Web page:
BOWLING GREEN - Patricia Miller went out of her way to greet Jim Spencer yesterday morning during the town's annual Memorial Day parade.
Though Mrs. Miller didn't know Mr. Spencer, 81, who was taking shade near Wood County's memorial garden in front of the courthouse, she wanted her 4-year-old son, Justin, to meet him. A hat he was sporting indicated Mr. Spencer had served in World War II, Korea, and Vietnam, an achievement that shocked and impressed Mrs. Miller.
“God bless you both,” she said to Mr. Spencer and his lifelong friend and fellow World War II Army buddy, Lefty Snyder, 86, standing nearby.
Mrs. Miller, a Pittsburgh resident visiting her sister in Bowling Green, said her father was a Vietnam veteran who has suffered from frequent nightmares ever since returning from the war. “I want my son to understand this and appreciate what these men have done for our country,” she said.
Her gesture brought smiles to Mr. Spencer and Mr. Snyder.
“I find that it helps,” said Mr. Spencer, who served with Bowling Green's 148th Infantry Regiment of the 37th National Guard Division. “Our schools don't teach a damn thing about World War II, much less Korea and Vietnam.”
Mrs. Miller marveled at the three memorials west of the courthouse building - one for each of the wars in which Mr. Spencer served. “The memorials here are greater than those I have seen in larger cities,” she said.
The parade, which featured various veterans groups, scout troops, and the Bowling Green High School marching band, began at the post office at Main and Washington streets, stopped at the courthouse to pay tribute to those soldiers listed on the memorials, and ended at Shadygrove Cemetery at the edge of the Bowling Green State University campus.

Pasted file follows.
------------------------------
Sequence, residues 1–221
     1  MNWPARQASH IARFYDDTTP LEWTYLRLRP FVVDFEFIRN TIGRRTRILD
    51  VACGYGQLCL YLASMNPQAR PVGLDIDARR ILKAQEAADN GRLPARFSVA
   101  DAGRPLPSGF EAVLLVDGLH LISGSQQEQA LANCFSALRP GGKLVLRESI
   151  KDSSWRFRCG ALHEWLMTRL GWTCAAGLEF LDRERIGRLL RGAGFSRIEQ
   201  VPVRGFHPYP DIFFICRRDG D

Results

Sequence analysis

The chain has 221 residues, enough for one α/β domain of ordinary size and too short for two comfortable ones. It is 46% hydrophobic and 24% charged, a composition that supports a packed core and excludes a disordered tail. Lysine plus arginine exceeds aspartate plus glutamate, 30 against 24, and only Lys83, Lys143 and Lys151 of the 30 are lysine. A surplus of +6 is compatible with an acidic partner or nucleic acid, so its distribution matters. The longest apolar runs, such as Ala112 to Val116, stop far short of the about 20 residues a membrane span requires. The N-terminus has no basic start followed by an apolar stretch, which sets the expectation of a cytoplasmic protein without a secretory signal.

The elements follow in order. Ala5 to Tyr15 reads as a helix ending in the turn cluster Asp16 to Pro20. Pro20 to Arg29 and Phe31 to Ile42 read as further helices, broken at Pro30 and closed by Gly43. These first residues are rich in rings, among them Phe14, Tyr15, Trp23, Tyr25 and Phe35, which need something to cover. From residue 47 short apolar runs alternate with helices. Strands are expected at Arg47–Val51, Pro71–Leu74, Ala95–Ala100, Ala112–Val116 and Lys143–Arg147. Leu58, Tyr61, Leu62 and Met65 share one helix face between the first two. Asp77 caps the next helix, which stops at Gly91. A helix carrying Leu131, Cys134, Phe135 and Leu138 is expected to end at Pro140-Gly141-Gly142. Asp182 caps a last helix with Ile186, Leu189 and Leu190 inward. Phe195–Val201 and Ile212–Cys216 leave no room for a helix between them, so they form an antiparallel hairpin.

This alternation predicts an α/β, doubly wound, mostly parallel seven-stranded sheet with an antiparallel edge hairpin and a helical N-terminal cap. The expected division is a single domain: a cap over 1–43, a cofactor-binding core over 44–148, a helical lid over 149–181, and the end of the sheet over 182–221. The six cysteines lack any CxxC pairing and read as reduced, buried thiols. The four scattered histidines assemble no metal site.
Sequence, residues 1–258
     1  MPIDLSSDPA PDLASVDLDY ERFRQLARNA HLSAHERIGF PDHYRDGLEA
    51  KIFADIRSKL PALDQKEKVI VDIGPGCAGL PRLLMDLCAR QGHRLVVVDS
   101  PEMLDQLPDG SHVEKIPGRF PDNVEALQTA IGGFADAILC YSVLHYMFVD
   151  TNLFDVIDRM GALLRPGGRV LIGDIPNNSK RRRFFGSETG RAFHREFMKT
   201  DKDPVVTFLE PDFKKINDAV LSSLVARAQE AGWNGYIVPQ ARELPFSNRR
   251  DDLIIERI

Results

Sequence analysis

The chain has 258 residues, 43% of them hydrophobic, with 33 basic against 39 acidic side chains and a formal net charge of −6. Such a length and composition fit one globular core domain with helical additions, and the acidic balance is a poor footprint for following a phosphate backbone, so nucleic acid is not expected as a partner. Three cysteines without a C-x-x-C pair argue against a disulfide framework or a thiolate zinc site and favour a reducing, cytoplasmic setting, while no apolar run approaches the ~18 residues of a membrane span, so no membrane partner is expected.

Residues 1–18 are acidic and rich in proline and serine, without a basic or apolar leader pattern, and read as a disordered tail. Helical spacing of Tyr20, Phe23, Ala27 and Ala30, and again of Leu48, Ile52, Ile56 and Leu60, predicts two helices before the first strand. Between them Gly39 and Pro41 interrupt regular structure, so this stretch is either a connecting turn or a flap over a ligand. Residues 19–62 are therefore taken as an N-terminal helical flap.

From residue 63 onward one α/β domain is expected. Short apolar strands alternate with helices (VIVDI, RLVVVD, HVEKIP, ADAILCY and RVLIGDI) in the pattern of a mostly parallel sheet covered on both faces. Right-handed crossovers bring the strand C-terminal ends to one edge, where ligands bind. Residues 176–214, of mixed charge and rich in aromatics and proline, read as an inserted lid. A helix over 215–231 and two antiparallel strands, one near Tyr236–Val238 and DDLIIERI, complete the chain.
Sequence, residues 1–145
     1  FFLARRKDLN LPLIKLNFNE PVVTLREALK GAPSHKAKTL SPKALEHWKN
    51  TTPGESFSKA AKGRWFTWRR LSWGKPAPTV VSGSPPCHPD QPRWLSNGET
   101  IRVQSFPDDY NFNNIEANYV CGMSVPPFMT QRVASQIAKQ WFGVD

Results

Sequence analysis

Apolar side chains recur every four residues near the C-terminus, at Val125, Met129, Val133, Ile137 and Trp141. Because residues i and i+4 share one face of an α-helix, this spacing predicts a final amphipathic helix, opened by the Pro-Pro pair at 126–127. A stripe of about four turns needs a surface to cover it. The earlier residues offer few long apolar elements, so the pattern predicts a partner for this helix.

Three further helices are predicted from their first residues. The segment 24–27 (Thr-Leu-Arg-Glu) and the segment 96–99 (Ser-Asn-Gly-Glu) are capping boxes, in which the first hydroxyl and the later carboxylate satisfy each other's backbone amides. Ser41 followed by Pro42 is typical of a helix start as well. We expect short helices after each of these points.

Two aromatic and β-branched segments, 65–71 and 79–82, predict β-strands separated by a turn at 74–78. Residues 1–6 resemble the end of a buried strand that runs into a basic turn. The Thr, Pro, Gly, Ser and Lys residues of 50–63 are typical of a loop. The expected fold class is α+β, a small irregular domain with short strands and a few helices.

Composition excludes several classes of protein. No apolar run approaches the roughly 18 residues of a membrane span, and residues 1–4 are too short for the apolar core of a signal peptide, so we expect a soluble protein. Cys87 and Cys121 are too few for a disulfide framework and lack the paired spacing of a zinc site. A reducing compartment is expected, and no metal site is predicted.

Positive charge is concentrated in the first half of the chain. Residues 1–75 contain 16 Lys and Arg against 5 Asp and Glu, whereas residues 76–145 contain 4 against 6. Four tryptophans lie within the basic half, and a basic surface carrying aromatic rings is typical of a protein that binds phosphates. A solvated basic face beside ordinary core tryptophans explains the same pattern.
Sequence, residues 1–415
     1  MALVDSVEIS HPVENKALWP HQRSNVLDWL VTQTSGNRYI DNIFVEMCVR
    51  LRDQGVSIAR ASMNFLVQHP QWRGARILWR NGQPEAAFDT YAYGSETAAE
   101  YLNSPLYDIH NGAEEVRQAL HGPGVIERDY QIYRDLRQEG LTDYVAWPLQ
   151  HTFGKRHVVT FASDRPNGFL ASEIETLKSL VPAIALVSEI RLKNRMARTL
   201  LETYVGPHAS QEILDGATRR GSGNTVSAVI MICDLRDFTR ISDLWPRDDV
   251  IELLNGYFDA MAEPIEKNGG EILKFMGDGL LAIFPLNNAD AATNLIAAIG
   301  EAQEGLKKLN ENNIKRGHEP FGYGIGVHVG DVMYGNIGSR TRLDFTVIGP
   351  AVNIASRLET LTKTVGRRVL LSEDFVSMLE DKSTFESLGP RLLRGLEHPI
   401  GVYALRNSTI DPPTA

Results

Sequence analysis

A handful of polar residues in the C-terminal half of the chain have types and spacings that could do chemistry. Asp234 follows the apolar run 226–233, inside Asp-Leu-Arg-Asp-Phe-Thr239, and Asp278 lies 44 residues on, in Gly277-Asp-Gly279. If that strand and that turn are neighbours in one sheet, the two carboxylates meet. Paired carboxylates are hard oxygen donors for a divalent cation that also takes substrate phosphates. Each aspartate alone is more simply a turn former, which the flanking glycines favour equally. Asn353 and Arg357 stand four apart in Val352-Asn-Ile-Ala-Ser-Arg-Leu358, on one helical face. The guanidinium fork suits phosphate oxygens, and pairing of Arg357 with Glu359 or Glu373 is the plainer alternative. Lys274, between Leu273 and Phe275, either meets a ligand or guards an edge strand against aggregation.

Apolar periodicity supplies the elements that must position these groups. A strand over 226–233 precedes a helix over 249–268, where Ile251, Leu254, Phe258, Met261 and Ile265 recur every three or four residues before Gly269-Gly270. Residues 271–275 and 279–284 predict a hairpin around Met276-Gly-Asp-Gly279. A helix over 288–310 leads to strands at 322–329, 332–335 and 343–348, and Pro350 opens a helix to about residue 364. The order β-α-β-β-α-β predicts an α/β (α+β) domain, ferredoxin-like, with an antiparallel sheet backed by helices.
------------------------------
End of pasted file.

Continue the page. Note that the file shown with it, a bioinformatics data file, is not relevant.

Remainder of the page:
Dave Sieving, 75, an Army veteran who served in the Pacific, figures he has attended about 40 consecutive parades.
“It's a celebration that I'm still here,” he said as he stood along the Main Street route.
Despite the fine weather, the crowd was sparse, a trend confronting communities across the nation as the number of veterans continues to dwindle.
“There are not as many as there used to be, but it does show respect for the veterans who served,” said Army veteran Norm Lemmon, who served in Vietnam.
At Shadygrove, local veterans conducted a 40-minute ceremony at the cemetery's memorial garden, known as The Mound.
In his keynote speech, Joseph Stockner, past president of the American Legion's Buckeye Boys State, recalled that as a high school principal he once handed out diplomas to five smiling seniors who, a short time later, returned home from Vietnam in body bags.
“What would those men want to share with us today?” he asked about 200 spectators.
“I think the flag. Until you realize how many have died for that flag, you don't realize what it means.”
Elsewhere in the region, spit-shined and ironed, dozens of uniform-clad veterans thumped and strutted up Lagrange Street yesterday morning when Toledo's Polish Village neighborhood turned out for its annual Memorial Day celebration.
As they've done for decades, residents lined the sidewalks to watch the parade move from Streicher Street to Mount Carmel Cemetery, where priests in flowing white performed a memorial Mass for the nation's fallen fighters.
Bob Crowe, an Air Force veteran, brought his 3-year-old son, Justin, from their Lewis Avenue home to watch.
“It's something new and different for him,” Mr. Crowe said.
Nearby, Jessie Matthews told his children, Xzavier, 10, and Jessika, 8, how to tell one service branch from the other by uniform colors and insignia.
“I look at all this tradition, and I wish I'd served,” said Mr. Matthews, a Toledo Public Schools teacher. “My uncles all served, I heard all their stories when I was a boy. We had a family tradition of military service. But with my generation, it kind-of fell away. Thank God for peace, but it would have been nice to wear that uniform.”
Silence fell as two buglers blew “Taps.” Soldiers, sailors, airmen, Marines, guardsmen, and reservists puffed out their chests and crisply saluted.
Other hands bloomed with hankies. Vietnam veteran Gene Czerniaski let his tears flow.
“The lucky ones are the ones being honored today,” he said.